Today, menus tend to fall into two extreme camps—either they are pared down to a bare list of ingredients (usually extremely obscure ones likes sunchoke foam and salsify), or they look like this. But back in the day, many restaurant menus were objets d’art, or at least visually stimulating pieces of ephemera that captured a particular time, place, or event.
The vault-diggers over at the Smithsonian have unearthed 10 vintage menus from around the country, with the help of the historically minded food blog Cool Culinaria.
Cool Culinaria co-founder Eugen Beer explains that the golden age of the American bill of fare was between the 1930s and 1960s:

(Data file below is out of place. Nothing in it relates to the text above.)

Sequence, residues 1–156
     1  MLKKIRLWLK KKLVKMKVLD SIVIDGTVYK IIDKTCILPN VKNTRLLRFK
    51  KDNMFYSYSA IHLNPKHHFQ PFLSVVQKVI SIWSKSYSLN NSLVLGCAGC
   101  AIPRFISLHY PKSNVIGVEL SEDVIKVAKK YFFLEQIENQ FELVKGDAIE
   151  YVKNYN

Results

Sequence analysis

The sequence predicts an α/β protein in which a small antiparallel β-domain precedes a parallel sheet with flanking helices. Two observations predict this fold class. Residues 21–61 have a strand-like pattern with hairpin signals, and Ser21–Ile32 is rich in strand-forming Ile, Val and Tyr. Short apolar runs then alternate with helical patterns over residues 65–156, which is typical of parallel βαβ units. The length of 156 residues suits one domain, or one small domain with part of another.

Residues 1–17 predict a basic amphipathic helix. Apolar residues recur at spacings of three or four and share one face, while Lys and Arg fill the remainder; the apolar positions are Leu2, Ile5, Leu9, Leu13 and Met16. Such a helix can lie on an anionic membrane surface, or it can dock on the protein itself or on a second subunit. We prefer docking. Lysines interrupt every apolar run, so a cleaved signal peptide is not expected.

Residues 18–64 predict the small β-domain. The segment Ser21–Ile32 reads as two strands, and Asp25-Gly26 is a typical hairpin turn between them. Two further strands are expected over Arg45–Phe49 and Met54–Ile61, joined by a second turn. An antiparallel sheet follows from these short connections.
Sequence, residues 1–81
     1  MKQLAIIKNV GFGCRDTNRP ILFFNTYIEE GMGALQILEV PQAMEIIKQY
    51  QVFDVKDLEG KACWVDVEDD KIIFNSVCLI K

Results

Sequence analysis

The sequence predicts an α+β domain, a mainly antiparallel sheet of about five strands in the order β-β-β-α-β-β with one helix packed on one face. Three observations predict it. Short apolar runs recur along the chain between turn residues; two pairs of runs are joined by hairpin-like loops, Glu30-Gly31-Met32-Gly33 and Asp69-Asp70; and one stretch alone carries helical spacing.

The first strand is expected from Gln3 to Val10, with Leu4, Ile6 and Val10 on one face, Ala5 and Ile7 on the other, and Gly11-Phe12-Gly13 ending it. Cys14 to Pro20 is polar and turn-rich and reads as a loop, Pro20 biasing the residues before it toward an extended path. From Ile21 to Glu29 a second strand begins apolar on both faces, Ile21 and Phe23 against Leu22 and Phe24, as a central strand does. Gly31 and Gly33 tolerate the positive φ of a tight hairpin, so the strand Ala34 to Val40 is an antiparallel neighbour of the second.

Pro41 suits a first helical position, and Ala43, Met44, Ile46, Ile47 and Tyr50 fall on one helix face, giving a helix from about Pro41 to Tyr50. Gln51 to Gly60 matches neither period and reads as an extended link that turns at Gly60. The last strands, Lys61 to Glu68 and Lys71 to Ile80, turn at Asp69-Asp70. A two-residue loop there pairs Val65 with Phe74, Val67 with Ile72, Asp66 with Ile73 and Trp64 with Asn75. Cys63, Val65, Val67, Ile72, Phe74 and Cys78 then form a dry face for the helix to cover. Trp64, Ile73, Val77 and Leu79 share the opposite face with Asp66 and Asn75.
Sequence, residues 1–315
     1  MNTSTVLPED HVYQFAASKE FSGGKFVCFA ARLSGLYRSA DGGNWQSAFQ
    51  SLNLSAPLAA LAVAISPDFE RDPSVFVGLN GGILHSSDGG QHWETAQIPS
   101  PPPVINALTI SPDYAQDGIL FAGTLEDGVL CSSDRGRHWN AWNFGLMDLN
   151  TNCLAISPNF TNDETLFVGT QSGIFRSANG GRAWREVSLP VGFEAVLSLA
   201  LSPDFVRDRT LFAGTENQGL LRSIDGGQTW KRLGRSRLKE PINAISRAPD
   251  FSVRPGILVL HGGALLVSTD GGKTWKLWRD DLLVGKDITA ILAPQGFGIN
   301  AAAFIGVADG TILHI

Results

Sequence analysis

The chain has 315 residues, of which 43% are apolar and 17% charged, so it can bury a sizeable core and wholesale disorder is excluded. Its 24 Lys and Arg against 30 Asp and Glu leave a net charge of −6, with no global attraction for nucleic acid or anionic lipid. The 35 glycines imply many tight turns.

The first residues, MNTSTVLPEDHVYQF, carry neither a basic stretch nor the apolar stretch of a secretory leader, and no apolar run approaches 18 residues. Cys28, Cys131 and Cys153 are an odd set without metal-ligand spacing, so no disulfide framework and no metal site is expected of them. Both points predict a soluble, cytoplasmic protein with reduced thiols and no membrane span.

“You had this incredible explosion of restaurants in the ’30s, ’40s and ’50s when the American economy, partly driven by the Second World War, was doing incredibly well. And you had the great highways… [B]uccaneering restauranteurs who, in order to give their establishments a sense of identity, invested money in the design of their menus and actually employed well-known artists or interesting designers to produce them.”
Check out more throwback menus over on the Smithsonian blog.